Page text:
In addition, there is a piston-driven carnival mirror, where visitors have the option of everything from “indigestion” to “thin and fat,” as well as a simulated rain shower. There will also be a separate learning area for toddlers and preschoolers.

The “Good Times Clock,” a ball-and-chutes sculpture like that at the Rec Center, is one of the many exhibits awaiting visitors inside the converted powerhouse ./Photo by Stephen Eginoire

For more inquisitive visitors (museum staff is careful not to talk in terms of age, preferring to say the exhibits are for “kids of all ages”) there is the Mensch Spark Shop, where tinkerers can work on electronics, robotics and advanced Legos, and the “Magic Planet,” a giant video globe where inspiring geographers can link up with NASA via wifi and simulate climactic and weather events, from rising sea levels to global disasters. “You can type in ‘Hurricane Katrina’ and watch how it developed,” said Community Outreach Manager Ashley Hein.

All the exhibits were the result of a brain-storming session held in 2009 with exhibit experts from similar science museums in L.A., Tucson and Albuquerque. “They helped us establish the theme ‘energy: past, present and future,” and from there we aligned the exhibits,” said Saïd. “We worked from the basics on up, from plants and photosynthesis, which would explain the climbing tree, on up to solar, geothermal and nuclear.”

But reaching out to families and weekend scientists is not the Museum’s only mission. There is also a historical component, said Saïd, and the Museum hopes to draw on visitors interested in these aspects as well. “People coming here to ride the train will be interested in this. Some of them might want to come just to see an old power plant.”

For these visitors, the bowels of the Powerhouse have remained intact, including three massive boilers, which were fed via men shoveling coal directly from the train. In addition to being able to see the boilers from a short distance, there will be guided tours behind the scenes of the plant’s inner workings. “It is our hope to one day be able to open up one of the boilers so you can climb inside,” said Hein.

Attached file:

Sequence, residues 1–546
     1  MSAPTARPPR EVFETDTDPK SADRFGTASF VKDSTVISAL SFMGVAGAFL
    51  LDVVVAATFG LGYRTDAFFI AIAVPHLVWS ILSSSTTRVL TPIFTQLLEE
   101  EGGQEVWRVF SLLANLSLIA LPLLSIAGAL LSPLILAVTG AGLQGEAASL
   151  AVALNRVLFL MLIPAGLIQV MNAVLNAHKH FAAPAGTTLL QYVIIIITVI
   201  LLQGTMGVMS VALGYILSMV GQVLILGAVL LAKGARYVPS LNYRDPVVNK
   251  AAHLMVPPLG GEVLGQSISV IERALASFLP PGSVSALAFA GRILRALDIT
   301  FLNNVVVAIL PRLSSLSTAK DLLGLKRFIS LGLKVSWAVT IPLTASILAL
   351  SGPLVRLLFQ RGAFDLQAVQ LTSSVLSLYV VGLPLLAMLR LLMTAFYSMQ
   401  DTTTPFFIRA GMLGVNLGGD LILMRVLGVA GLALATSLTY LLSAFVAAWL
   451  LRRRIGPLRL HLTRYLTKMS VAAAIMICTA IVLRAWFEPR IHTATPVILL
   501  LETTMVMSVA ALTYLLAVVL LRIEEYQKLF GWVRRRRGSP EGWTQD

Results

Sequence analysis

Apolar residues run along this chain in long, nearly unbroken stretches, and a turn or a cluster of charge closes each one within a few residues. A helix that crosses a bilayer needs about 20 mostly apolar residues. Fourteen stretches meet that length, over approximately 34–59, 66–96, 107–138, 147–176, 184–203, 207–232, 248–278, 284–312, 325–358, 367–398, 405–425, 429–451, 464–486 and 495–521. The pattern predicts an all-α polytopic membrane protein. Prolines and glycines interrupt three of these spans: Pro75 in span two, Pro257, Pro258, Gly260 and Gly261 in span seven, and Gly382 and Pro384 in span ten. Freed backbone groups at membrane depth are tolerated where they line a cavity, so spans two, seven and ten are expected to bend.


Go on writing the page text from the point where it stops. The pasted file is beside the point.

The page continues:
While the museum’s roots are firmly planted in energy’s dirtier past, there is a strong nod to its cleaner future. A converted garage, which now serves as the museum’s offices and meetings rooms, sports a solar array on its roof, installed by Shaw Solar and paid for with grants from the Governor’s Energy Office. Using inverter boxes, the panels tie back into the electrical grid, providing not only power to the buildings, but other local power users as well. A geothermal ground-source heat pump was also installed in the Powerhouse to heat the floors, and a micro-wind project is in the works as well.

“Who knows what’s next? Nanotechnology, making energy from air?” Saïd mused.

One thing that’s for certain, is that none of this would be possible without the Discovery Museum’s donors and the community that bought in on the idea. “There were so many aspects to this project, it interested such a wide variety of audiences, from economics to education to history,” said Saïd. “That’s why it kept its momentum for all these years.”

As for museum staffers, they still can’t quite believe their eyes when they see the transformation. “I can barely imagine the way it used to be now when I walk in here,” said Dawn Jose, who worked at the Children’s Museum’s former home in the Arts Center.

Indeed, you could say the change has had quite a powerful effect. “I brought a woman, completely unrelated to the museum, in here the other day,” said Hein, “and she burst into tears when she saw it.” •